Although many blame short-sales for causing a snowball effect on stocks already under pressure, Schapiro said there is no "specific empirical evidence" that the absence of the uptick rule fueled the recent descent in the market.

In fact, the SEC repealed the uptick rule, which had been active since the Depression, in 2007 when a test by the SEC (which removed the uptick rule for one-third of the stocks in the Russell 3000 index) found it could be eliminated without causing significant harm. Skeptics of the 2007-test point out that the rule wasn’t tested during a volatile or downward pressurized market.

The five possible uptick rules the SEC voted to consider are as follows:

Written by David Welch, Esq.

Last week, before the Senate Banking Committee, SEC Chairman Mary Schapiro made it clear that she intends to consolidate oversight of financial services firms and subject them to stricter regulatory controls. Currently, FINRA and the SEC share supervision of broker-dealers and investment advisers. Investment advisers are required to abide by a “fiduciary duty” standard and brokers are held to a standard of “suitability.” Arguments regarding which standard is more stringent aside, Schapiro views the inconsistency as an encumbrance on regulatory oversight and implied that a uniform standard is on the horizon.

Schapiro and FINRA CEO, Richard Ketchum, explained that enforcement of the uniform standard will be consolidated under the purview of FINRA, for brokers and advisers alike. In his testimony before the banking committee, Ketchum stated:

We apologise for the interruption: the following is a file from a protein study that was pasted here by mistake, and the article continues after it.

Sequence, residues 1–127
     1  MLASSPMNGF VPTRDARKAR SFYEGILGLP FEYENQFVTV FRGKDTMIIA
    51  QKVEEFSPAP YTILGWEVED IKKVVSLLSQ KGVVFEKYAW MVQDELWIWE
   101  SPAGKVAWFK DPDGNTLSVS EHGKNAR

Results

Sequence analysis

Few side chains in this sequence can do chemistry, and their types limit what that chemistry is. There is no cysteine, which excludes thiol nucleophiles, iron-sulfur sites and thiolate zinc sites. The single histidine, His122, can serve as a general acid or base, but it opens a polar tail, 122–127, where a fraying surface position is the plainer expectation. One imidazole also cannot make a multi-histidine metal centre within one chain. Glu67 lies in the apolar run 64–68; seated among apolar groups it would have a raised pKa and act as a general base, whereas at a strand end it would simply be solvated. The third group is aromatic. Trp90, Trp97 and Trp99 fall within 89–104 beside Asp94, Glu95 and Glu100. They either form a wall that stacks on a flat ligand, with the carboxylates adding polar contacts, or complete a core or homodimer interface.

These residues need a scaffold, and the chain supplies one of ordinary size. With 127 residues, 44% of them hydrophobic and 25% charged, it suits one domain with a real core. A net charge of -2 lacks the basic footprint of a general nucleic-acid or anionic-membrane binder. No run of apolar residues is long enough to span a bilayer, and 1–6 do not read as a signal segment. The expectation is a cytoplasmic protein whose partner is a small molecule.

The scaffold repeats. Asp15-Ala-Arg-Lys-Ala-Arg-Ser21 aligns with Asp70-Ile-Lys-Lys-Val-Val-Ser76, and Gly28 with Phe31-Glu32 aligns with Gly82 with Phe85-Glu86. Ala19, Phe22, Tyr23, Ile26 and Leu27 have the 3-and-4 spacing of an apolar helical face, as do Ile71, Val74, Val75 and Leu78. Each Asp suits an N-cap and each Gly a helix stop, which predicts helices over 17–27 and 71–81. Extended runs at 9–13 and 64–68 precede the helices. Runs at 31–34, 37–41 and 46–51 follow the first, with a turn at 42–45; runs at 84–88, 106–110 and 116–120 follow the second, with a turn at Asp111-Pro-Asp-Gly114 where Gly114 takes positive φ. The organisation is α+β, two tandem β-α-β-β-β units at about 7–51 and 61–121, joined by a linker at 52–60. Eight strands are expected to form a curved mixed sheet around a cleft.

Written by David Welch, Esq.

A lot has been said lately about naked short selling and its potential for market manipulation. Short selling, aka, "covered" short selling, occurs when a trader sells a borrowed stock with the intent to buy it back elsewhere at a lower price and pocket the difference. A short sale is considered “naked” if the trader has not made arrangements to borrow (or "cover") the stock before he sells it. Naked short sales that are never “covered” sometimes result in a “failure to deliver” and it is this practice that has produced divided factions regarding ethics and the need for greater regulation.

Those against naked short sales claim that the practice can be used to manipulate the market because more shares can be sold short than actually exist, which in turn:

Written by Christine Lazaro, Esq.

FINRA filed a proposed rule change with the SEC on March 11, 2009, seeking to amend the Code of Arbitration Procedure for Customer Disputes (Rule 12206) and the Code of Arbitration Procedure for Industry Disputes (Rule 13206), to clarify that the rules toll the applicable statutes of limitation when a person files an arbitration claim with FINRA.